Once he had what he wanted, Stefan Hemmerle abruptly left the convention center hosting February’s annual Tucson Gem & Mineral Show and jumped into the back seat of his rental car. There, while being driven through the streets of the Arizona city to his hotel, the 60-year-old patriarch of the family who operates the namesake jewelry house in Munich began sketching designs. In the car with him were his 26-year-old son, Christian, and his daughter-in-law, Yasmin. Stefan kept showing them his drawings and seeking their suggestions on how best to showcase the magnificent oval-shaped red and green tourmaline stones—perfectly matched in size and cut—that he had just acquired at the show. Ultimately, Hemmerle created a pair of earrings with the red tourmaline set in red-toned, matte copper, and the green stone set in green-hued copper.
The circumstances of their conception might have been unusual, but the earrings are typical of Hemmerle in that they juxtapose striking colored gemstones with unconventional metals. In addition to copper, he and his family often work with iron, brass, and aluminum. “Stefan’s innovative use of materials and his sense of color and style are completely distinctive,” says New York jewelry consultant Patricia Hambrecht. “It’s instantly recognizable as Hemmerle.”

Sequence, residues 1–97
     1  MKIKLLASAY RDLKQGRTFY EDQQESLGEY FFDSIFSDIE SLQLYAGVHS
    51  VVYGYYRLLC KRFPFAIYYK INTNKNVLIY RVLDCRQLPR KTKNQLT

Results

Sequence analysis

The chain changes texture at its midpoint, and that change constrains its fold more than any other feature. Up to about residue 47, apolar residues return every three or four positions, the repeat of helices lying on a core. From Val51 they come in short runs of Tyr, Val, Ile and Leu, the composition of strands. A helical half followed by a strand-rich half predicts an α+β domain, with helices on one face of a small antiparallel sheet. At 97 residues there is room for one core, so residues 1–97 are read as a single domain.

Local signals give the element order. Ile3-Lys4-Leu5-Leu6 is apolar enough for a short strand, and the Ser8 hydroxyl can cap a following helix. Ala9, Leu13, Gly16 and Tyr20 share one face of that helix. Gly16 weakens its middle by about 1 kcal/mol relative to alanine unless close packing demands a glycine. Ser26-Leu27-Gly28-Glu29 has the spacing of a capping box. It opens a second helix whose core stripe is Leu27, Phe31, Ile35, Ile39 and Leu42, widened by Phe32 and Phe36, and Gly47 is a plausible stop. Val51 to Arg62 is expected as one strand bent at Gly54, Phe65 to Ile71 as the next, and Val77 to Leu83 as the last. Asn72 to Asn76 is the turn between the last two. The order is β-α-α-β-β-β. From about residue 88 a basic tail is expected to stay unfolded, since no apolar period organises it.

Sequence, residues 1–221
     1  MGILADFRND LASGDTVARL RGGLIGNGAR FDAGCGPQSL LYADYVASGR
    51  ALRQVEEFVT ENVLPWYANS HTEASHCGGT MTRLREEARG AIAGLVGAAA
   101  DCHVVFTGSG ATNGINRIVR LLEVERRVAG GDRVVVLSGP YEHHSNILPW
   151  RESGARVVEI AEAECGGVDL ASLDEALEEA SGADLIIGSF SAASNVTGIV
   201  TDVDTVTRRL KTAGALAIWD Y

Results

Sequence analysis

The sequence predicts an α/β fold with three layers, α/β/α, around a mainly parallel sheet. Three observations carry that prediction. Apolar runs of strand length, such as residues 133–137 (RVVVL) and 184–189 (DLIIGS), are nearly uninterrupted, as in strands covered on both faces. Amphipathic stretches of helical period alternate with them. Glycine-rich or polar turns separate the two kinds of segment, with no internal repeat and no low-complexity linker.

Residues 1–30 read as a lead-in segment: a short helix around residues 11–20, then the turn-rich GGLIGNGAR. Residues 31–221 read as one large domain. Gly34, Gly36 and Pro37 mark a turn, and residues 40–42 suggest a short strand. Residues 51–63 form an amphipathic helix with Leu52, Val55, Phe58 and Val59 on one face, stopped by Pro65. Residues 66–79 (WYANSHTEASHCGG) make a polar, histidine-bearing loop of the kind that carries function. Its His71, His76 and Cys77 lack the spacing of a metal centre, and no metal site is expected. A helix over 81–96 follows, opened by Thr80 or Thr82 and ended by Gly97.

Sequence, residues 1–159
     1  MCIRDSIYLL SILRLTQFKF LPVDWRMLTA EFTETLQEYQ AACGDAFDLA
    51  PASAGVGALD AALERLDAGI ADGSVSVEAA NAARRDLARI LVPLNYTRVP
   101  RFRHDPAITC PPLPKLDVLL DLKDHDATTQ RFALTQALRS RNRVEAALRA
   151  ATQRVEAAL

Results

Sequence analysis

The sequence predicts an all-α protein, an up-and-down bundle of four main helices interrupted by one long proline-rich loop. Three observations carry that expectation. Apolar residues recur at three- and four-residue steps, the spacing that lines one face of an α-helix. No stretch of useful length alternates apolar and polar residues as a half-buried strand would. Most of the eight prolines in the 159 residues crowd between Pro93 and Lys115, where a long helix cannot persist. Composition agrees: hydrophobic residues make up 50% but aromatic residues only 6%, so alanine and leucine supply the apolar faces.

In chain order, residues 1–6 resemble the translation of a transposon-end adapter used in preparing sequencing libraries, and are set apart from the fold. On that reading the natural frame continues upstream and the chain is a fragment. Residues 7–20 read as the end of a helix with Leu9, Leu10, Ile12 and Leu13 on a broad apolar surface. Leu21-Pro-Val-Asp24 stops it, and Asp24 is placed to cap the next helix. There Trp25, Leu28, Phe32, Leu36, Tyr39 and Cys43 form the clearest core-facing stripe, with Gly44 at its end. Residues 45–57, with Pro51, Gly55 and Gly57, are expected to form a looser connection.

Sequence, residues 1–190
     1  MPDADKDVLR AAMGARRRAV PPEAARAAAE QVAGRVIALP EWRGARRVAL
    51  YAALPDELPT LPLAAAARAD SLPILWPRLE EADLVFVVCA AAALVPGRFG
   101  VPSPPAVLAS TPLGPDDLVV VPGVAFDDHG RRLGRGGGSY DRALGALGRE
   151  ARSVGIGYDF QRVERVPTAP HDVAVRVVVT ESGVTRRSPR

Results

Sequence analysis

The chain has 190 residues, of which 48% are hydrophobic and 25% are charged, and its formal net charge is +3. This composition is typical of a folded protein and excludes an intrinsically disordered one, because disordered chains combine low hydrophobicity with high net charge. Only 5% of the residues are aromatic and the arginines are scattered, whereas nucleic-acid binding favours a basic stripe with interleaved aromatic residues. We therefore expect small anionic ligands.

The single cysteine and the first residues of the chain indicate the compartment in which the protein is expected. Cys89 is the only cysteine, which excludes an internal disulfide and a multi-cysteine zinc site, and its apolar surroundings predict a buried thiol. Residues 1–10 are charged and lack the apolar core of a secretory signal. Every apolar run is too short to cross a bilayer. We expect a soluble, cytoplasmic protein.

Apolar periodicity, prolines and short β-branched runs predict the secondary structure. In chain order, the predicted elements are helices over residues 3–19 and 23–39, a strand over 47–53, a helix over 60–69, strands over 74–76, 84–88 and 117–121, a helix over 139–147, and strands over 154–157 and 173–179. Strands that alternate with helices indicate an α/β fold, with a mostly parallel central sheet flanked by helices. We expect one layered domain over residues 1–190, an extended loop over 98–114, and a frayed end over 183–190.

The style is so distinctive that last fall, Munich’s Pinakothek der Moderne museum hosted a three-month exhibition celebrating Hemmerle’s contribution to modern design. “It’s not about the stone,” says Christian, who joined the family business two years ago. “Our jewelry is about the composition of the design.”
Hemmerle annually produces about 250 unique pieces, many of which result from the family’s extensive experimentation with various metals. Before using aluminum in their jewelry, they heated, cooled, and embellished it with different finishes to determine how those treatments would affect the metal’s appearance. Christian is particularly fond of precious gemstones set in brass. “You can’t control the color of brass since its patina changes with the oils of the skin,” he says. “It’s like free-form art.”
Hemmerle sells its jewelry only through its Munich boutique, which is located on the Maximilianstrasse shopping thoroughfare, and which Stefan’s grandfather Josef and great-uncle Anton opened in 1904. The company also displays its collection at biannual private showings in New York.